The Red Wings' days at Joe Louis Arena could be numbered. (Max Ortiz/Detroit News)
We won’t miss the press box at Joe Louis Arena because it really was never there. It’s just a row of seats — the top row, way up high — haphazardly constructed as an afterthought back when the Red Wings were one, too.
And nobody in the building will miss the view, because there simply isn’t one. The sight lines for hockey games are pretty good. But there’s not a window in the place, save for the tiny portholes on the heavy-hinged exit doors. Employees down at the Joe will tell you they can go days without actually seeing the sun during the winter.
Finally, though, it appears those dark days are coming to an end, as city officials on Wednesday offered another glimpse of their emerging plans for a new downtown arena and entertainment district. The proposed $650 million project moves forward now after the Downtown Development Authority announced the “framework” of a deal is in place with the Ilitch family’s Olympia Development group.
What comes next are weeks and months of meetings — and probably a fair bit of posturing, what with 44 percent of the estimated cost coming from public funds — before any shovel breaks the ground.
Asked Wednesday for a timetable on the project, George Jackson, the president of the Detroit Economic Growth Corp., said he hopes to have a final deal in place by the end of the year. Before that, though, he joked, “I’d like it completed by tomorrow.”
So would the Red Wings, obviously. This has been owner Mike Ilitch’s vision for years, frankly, long before a team-friendly, 30-year lease expired on the city-owned JLA, isolated as it is along the riverfront.
Flawed at birth
It’s a common refrain by now, but the Joe — the fourth-oldest arena in the 30-team NHL — was outdated almost from the moment it opened in 1979.
The steps are too steep. The concourse is too narrow and dimly lit. The restrooms might’ve handled the sparse crowds when the Red Wings first moved in, but these days the bathroom lines are legendary in length.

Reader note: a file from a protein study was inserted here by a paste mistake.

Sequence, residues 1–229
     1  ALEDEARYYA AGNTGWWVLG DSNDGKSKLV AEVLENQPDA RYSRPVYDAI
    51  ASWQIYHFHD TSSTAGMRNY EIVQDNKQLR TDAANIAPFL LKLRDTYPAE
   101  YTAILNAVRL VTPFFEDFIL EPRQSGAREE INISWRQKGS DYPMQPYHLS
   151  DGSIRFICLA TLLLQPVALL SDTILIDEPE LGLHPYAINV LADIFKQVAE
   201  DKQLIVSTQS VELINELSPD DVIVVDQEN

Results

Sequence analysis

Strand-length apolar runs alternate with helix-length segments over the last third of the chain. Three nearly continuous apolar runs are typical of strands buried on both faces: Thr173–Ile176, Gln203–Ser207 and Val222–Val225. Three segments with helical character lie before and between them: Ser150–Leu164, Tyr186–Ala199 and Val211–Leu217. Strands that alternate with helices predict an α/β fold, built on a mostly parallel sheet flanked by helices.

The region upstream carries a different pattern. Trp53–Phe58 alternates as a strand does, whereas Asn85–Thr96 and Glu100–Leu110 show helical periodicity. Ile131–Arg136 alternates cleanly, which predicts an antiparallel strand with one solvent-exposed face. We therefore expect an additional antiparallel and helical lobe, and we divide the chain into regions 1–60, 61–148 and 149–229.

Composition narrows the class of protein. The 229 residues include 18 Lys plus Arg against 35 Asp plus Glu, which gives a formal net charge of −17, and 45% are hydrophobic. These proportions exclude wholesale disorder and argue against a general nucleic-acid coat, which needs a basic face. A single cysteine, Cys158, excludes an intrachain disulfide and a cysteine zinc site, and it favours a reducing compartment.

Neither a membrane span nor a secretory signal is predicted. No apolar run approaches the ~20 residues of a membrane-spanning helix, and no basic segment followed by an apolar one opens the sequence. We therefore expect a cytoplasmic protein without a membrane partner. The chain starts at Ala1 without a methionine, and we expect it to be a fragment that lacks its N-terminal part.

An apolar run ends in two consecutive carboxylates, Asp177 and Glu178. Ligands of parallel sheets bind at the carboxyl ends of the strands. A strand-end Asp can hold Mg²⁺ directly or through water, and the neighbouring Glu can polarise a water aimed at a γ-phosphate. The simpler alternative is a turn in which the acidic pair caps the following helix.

As modern amenities go, it leaves much to be desired — it’s amazing to think The Palace in Auburn Hills, home of the Pistons, was built less than a decade later — though to be fair, it’s also one of only three NHL arenas that aren’t currently named for a corporate sponsor.
So there’s that. And then there’s the hockey. But that’s about it, which is fine for many hardcore hockey fans, certainly. It’s just bad for business, generally speaking.
A new arena surely will help the Wings’ free-agent pitches in the future, and figures to generate several million dollars in additional revenue annually for the team, along with some — but not all, trust me — of the other economic benefits that business leaders were touting Wednesday.
They started playing games at the Joe in late December 1979. But when the Ilitches bought the Red Wings from Bruce Norris in 1982 for the princely sum of $8 million, the franchise was, in the words of longtime team executive Jimmy Devellano, “in the Detroit River.”
“I mean, really in the Detroit River,” Devellano said, emphasizing his own words as he celebrated the 25th anniversary of that purchase in 2007.
Starting from scratch
It was Devellano who was hired by Ilitch to salvage it, a project that would take several years and plenty of work – Steve Yzerman in their first draft, Petr Klima in the trunk of a car, Vladimir Konstantinov with bribe money and a faked illness — not to mention the championship blueprint the accomplished general manager brought with him from the Islanders.
His first payroll was $2.8 million, or slightly less than Mikael Samuelsson is scheduled to make next season. And Devellano remembers asking Marian Ilitch after his introductory press conference in July 1982 how many season-ticket holders the team had.
They went to ask box office director Bob Kerlin, Devellano recalled, and “Bob said, ‘Mrs. Ilitch, give me 10 minutes and I’ll tell ya.’ That’s how long it took to count ‘em.” Turns out the number was only 2,100 season tickets.
So while the front office started building through the draft, it also tried to fill the seats by adding personalities on the ice (Ron Duguay) and even giving away free cars during games.
They don’t have to do that anymore, of course. Not with a team that has made the playoffs 22 years running, the longest active streak in professional sports.
And certainly not in this proposed new arena, which will increase demand for tickets not just with its new-car smell, but also with a smaller capacity — about 18,000, compared to the current 20,000-plus.
It’s going to be impossible to transplant the memories — everyone knows that. But they’ll take 11 Stanley Cup championship banners with them as a reminder. (Four more than they started with in 1979.) And they can take the half-dozen retired numbers that hang from the rafters. (Make it seven, actually, since Nick Lidstrom’s No. 5 will join the others sometime next season.) Heck, maybe Al Sobotka can figure out a way to take those old plywood end boards, too.
Nobody’s packing just yet. The future remains an “incomplete portrait” at the moment, as Jackson says. But from the Red Wings’ vantage point, it’s hard to believe it’s not brighter.